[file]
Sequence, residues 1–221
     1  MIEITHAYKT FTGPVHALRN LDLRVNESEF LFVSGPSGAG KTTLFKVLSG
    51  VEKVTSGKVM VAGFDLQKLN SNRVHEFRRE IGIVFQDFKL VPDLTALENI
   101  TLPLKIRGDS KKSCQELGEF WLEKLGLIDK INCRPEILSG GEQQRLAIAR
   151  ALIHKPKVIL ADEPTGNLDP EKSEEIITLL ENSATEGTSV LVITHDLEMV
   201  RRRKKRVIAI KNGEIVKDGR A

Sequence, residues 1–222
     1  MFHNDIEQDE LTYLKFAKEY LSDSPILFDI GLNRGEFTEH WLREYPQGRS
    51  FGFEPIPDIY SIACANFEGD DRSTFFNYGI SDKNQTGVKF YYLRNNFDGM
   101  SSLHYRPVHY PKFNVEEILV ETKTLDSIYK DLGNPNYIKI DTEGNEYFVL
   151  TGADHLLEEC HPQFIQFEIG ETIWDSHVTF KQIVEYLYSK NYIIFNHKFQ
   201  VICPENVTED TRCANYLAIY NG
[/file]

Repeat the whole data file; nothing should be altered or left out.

Sequence, residues 1–221
     1  MIEITHAYKT FTGPVHALRN LDLRVNESEF LFVSGPSGAG KTTLFKVLSG
    51  VEKVTSGKVM VAGFDLQKLN SNRVHEFRRE IGIVFQDFKL VPDLTALENI
   101  TLPLKIRGDS KKSCQELGEF WLEKLGLIDK INCRPEILSG GEQQRLAIAR
   151  ALIHKPKVIL ADEPTGNLDP EKSEEIITLL ENSATEGTSV LVITHDLEMV
   201  RRRKKRVIAI KNGEIVKDGR A

Sequence, residues 1–222
     1  MFHNDIEQDE LTYLKFAKEY LSDSPILFDI GLNRGEFTEH WLREYPQGRS
    51  FGFEPIPDIY SIACANFEGD DRSTFFNYGI SDKNQTGVKF YYLRNNFDGM
   101  SSLHYRPVHY PKFNVEEILV ETKTLDSIYK DLGNPNYIKI DTEGNEYFVL
   151  TGADHLLEEC HPQFIQFEIG ETIWDSHVTF KQIVEYLYSK NYIIFNHKFQ
   201  VICPENVTED TRCANYLAIY NG